Time Out New York / Nov 6–12, 2008

Ernesto Neto

Curling through the main space like some monstrous caterpillar, Ernesto Neto’s sculpture The Wisdom of the Parts is a striking introduction to the Brazilian artist’s sixth solo show with this gallery. Constructed from Lycra tulle stretched and sewn over a skeletal plywood framework and weighted at key points with handfuls of gravel, the undulating form is perforated at regular intervals by small conduits linking its inner and outer walls. Sufficiently accommodating so that viewers can stroll inside, Jonah-like, the piece assumes the shape of a giant question mark, asking all sorts of queries about the construction and interaction of physical and psychological space.

In an upstairs room, Neto continues the interrogation via a set of smaller—though no less involving—sculptures that also use Lycra as a futuristic stand-in for organic matter. The table setting and chandelier in Plain Parts (Blue Table) look at least half alive, recalling Verner Panton’s amoebic furniture designs and works by Charles Long (a gallery stablemate). Talking Parts (Wood Corner) has a similarly biomorphic appearance, again incorporating a light fixture and seats to conjure a kind of otherworldly lounge bar. Exploiting his favorite material’s translucency to color the atmosphere it filters or contains, Neto also allows gravity to perform sculptural labor by pulling the fabric into bulbous dangling pods. Four plantlike structures assembled from slotted slabs of steel, plywood, acrylic or aluminum play games with balance, too, but look rather stiff in comparison.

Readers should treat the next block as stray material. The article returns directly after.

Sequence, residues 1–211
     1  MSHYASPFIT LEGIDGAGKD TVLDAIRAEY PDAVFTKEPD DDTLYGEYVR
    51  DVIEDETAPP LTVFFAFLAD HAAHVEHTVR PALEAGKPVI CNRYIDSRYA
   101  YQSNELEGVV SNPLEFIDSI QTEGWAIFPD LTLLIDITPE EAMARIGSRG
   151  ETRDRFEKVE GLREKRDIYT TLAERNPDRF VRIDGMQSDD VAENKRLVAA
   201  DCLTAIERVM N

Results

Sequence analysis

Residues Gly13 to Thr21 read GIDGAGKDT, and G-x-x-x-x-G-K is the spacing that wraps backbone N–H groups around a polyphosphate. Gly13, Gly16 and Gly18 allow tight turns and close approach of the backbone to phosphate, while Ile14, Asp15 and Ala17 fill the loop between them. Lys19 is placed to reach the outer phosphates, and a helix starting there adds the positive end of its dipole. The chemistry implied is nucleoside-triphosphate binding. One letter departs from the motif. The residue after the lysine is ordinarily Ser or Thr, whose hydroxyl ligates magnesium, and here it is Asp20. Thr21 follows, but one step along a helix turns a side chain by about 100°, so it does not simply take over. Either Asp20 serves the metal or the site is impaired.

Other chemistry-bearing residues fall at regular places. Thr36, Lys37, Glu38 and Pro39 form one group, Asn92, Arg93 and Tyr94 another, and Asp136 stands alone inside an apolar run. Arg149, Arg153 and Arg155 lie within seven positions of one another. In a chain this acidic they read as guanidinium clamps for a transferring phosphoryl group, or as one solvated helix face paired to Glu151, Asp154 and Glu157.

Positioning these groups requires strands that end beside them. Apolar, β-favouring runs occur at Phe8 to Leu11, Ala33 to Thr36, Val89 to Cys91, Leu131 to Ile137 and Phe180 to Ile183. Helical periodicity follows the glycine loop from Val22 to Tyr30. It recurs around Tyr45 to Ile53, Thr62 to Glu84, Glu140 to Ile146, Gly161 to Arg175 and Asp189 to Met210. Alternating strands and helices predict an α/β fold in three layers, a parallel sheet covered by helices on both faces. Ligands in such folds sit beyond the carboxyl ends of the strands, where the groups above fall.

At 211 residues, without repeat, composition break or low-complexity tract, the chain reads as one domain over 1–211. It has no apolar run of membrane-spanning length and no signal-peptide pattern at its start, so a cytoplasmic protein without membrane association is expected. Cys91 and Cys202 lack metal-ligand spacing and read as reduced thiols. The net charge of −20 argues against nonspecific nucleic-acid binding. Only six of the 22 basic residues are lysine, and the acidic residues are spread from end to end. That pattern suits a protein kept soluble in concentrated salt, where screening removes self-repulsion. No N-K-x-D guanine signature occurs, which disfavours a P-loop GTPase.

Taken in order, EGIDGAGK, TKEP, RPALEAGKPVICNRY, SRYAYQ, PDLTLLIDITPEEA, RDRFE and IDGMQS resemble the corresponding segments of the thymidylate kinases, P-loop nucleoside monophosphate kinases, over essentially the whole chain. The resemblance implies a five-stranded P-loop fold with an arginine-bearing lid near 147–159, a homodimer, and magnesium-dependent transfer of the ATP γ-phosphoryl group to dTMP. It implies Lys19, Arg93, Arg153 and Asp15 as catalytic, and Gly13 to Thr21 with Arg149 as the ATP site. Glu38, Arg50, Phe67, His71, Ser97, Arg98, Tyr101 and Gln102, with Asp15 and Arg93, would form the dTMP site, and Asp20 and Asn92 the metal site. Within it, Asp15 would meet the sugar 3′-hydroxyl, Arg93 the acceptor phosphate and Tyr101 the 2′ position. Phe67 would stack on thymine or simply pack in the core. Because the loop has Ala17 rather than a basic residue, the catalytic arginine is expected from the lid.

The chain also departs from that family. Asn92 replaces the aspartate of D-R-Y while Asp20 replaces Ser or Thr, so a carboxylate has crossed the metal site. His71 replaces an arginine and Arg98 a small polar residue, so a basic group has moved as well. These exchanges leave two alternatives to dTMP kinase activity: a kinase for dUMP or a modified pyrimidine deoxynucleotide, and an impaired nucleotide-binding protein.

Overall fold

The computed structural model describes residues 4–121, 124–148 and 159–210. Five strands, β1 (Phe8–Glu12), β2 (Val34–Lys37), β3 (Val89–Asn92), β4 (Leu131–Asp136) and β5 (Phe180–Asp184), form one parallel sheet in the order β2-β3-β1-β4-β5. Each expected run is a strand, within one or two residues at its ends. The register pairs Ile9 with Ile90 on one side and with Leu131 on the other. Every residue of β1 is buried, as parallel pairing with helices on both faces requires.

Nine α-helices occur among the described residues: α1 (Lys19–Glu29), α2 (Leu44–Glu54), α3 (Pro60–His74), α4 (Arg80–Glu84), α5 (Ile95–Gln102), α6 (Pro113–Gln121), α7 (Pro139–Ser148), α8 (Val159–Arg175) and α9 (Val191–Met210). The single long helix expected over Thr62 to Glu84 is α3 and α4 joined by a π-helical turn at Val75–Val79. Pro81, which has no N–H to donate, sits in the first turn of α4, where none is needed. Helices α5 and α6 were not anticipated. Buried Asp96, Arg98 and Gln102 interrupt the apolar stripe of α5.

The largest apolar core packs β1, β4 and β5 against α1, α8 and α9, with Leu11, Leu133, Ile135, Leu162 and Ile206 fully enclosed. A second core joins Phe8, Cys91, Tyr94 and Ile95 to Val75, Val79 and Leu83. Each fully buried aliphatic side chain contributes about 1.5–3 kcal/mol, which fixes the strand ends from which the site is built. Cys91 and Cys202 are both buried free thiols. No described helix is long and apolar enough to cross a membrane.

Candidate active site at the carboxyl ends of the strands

Image: Ernesto Neto, The Wisdom of the Parts, 2008